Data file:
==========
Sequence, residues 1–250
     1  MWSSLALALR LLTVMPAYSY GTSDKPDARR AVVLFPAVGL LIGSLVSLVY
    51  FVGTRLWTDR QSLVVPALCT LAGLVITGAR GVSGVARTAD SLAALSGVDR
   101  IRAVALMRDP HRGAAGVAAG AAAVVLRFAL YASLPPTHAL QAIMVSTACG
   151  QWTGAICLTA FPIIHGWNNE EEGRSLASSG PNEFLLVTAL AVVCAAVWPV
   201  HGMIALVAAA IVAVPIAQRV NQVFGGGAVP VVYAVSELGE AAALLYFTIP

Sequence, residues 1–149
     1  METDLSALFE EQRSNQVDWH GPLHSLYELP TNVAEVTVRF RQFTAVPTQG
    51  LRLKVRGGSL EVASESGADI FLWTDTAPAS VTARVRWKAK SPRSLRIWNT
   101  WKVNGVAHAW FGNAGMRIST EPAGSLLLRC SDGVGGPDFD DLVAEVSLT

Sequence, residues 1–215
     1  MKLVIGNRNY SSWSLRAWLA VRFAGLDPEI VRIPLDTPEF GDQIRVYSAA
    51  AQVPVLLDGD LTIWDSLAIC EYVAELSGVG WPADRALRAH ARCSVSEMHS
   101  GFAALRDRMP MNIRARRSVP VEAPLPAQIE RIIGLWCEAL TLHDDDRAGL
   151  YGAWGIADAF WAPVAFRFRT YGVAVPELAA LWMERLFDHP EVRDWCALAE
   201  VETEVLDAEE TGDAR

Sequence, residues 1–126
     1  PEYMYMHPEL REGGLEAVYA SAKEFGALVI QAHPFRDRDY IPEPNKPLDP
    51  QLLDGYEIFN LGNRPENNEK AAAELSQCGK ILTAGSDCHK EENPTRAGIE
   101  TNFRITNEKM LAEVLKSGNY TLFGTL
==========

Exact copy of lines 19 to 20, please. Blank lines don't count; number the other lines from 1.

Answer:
    51  QLLDGYEIFN LGNRPENNEK AAAELSQCGK ILTAGSDCHK EENPTRAGIE
   101  TNFRITNEKM LAEVLKSGNY TLFGTL